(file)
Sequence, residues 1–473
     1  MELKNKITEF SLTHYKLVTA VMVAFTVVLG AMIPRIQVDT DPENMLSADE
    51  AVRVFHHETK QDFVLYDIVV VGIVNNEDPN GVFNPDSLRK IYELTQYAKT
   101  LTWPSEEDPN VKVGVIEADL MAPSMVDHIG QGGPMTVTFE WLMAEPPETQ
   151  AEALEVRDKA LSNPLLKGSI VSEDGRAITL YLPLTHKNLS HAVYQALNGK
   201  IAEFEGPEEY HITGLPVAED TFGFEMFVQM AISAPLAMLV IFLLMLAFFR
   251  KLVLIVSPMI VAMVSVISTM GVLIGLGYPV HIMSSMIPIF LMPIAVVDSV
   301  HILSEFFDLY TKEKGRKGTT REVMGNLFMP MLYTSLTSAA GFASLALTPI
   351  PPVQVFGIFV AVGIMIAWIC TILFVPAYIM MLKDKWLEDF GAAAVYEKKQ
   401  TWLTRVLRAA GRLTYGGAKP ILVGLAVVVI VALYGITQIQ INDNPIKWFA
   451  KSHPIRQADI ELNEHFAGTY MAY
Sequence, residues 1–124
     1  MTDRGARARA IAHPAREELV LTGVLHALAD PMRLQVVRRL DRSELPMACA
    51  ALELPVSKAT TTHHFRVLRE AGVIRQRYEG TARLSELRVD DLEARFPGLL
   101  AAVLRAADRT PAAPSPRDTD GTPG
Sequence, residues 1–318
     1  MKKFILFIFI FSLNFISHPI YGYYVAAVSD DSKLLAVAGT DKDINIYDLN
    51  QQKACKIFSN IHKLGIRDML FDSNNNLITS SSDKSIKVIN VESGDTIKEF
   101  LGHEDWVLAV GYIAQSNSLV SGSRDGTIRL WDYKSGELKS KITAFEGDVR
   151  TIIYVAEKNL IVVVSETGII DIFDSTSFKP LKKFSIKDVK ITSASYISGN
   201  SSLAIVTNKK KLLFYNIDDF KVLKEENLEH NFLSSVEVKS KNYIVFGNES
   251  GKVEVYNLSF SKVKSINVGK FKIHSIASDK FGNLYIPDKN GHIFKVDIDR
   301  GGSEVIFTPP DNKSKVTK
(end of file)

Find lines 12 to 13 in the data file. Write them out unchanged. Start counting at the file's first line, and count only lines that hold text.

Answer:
Sequence, residues 1–124
     1  MTDRGARARA IAHPAREELV LTGVLHALAD PMRLQVVRRL DRSELPMACA